However, as most other people felt, the effects of the pandemic restrictions were isolating. After being initially reluctant to enter the trials, Janet Timari found a sense of power and purpose in taking an active role in finding a solution to the disease.

“We had spent months just being afraid and in our homes,” said Janet Timari. “I got on board to support [Katy], and maybe to take a little bit of control for myself. You walk around being nervous for so long that it felt good to say, ‘I’m doing something to try to make it better.’”

Placebo effect

As the trial drew to a close, it was time for the company to “unblind” participants and let them know if they received the vaccine or the saline placebo.

Janet Timari got her call first. After weeks of being convinced she was not vaccinated, the voice on the other line gave her the news — she had received the vaccine. She was good to go.

Janet Timari double-checked that the company wasn’t mistaking her for her daughter. Sure enough, Janet Timari was now vaccinated against COVID-19.

“They had to read me my secret code and my information to convince me because I was so certain that I was in the placebo group,” said Janet Timari.

Katy Timari was still convinced she had the vaccine. When her call came, she was shocked that she was in the placebo group.

“I had completely fallen for it,” said Katy Timari. “When I ended up getting the actual vaccine in February, I had symptoms, and they felt just like the placebo symptoms, which is pretty funny.”

A way forward

As of February, the U.S. government has purchased 300 million doses of the Pfizer vaccine that both Katy and Janet Timari were part of the trial for. As the country attempts to distribute the vaccine as quickly as possible, Katy Timari appreciates that she was able to take part in a historic moment in public health.

“I was excited to help the results move forward pretty quickly,” said Katy Timari.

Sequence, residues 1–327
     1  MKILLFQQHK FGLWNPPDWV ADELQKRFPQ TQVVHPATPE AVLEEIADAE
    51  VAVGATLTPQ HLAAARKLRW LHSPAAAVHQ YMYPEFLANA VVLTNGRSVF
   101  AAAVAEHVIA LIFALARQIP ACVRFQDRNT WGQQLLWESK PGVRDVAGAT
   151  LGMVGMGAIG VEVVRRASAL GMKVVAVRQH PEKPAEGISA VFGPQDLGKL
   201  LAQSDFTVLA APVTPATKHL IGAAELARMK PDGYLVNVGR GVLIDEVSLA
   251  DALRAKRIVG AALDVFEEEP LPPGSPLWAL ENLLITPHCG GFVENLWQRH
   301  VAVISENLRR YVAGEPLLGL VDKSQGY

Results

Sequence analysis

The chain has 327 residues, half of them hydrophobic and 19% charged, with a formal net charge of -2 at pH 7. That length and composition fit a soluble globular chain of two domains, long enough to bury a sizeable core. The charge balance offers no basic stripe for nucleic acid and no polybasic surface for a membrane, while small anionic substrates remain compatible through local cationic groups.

Katy Timari’s father, a part-time firefighter, was also able to be vaccinated since the end of the trials.

Katy Timari moved back to campus for the spring semester after spending the fall at home. While she is vaccinated, she stressed that students at the university need to continue to take the pandemic seriously and not compromise health protocols while vaccines are being distributed.

“A lot of students, now that they are back at college, are starting to take things a little bit more relaxed than they would at home,” said Katy Timari. “There is still a variation that can happen with the spread and that is really worrying me, especially at college. It is really important that people take this in stride.”

For Janet Timari, her experience in the trial and the pandemic has renewed her belief in the importance of health care and public policy and her daughter’s future in shaping those fields.

“It is just so critical that we’re aware and able to manage and control these situations,” said Janet Timari. “I know [Katy] is also focused on equitable health care in this country, so I definitely think that this pandemic has raised awareness for the field that she’s going in.”